If Houston Dams Fail, Destruction Would 'Dwarf' Katrina Damage
(...) For more than 60 years, the Addicks and Barker dams have prevented an estimated $4.6 billion in flooding damages by limiting large amounts of water from reaching flood-prone Buffalo Bayou. But the dams, once located in the rural nothingness of Harris and Fort Bend counties, have been pushed to their limits, largely due to all of the people and buildings that currently coexist upstream and downstream of the dams.
In April 2009, during an unnamed weather event that leveled the west side with more than nine inches of rain in 24 hours, the dams exhibited signs of irreversible failure. Five months after the 2009 storms, the United States Army Corps of Engineers, which owns the dams, which are located near the intersection of Interstate 10 and Beltway 8, slapped Addicks and Barker with an "extremely high risk of catastrophic failure" label. The dams are currently two of the country's six most dangerous, according to the Corps.
Despite the Corps' "urgent and compelling" Dam Safety Action Classification I ranking, the local chapter of the Sierra Club, concerned residents and a professional engineer say the Corps has downplayed the risk — a member of the Houston Sierra Club says that she accidentally discovered the Level I distinction while researching other matters.
Additionally, in Sierra Club v. U.S. Army Corps of Engineers — filed on August 22, 2011, in the United States District Court for the Southern District of Texas, Houston Division — the environmental group alleges that the Corps tested fate when, in June 2011, they gave a thumbs-up to the construction of Segment E of the Grand Parkway (Highway 99). While some say the toll road is needed to keep up with fast-growing Houston, environmentalists say that the 15.2-mile segment between I-10 and Highway 290 will coax more concrete from housing and retail projects, which could send more water to the aging dams.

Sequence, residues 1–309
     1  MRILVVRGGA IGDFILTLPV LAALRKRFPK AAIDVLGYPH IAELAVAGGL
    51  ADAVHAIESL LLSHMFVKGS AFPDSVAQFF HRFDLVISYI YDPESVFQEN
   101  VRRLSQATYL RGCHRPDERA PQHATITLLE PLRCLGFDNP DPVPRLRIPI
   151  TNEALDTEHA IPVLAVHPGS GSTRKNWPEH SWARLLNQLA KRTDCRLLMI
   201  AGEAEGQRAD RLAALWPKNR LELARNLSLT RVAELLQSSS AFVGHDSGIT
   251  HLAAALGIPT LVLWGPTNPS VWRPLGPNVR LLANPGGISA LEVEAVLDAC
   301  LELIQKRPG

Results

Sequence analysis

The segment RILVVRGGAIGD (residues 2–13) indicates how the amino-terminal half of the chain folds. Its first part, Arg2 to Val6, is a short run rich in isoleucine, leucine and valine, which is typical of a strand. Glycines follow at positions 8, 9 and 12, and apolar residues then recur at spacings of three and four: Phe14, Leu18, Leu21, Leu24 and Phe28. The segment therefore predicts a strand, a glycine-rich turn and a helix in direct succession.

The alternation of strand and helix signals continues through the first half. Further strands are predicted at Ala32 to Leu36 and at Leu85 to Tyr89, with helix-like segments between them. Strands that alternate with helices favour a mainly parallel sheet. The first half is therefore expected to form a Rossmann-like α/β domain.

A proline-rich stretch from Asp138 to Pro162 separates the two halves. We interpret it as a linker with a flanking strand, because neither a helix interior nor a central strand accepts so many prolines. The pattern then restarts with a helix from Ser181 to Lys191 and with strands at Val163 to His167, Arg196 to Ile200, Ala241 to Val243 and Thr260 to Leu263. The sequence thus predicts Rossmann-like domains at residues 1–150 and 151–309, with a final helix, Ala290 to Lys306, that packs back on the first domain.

Local environmental attorney James Blackburn, who is representing the plaintiffs in the civil suit — currently in the appeals process after a district court sided with the Corps — says that if the dams broke, folks would have to deal with a lot more than soiled couches and temporary power outages.
"It could dwarf New Orleans and Katrina," says Blackburn, who adds that the Memorial Drive area, the Energy Corridor, River Oaks, the Texas Medical Center and maybe even downtown could be wading in nasty, disgusting floodwaters.
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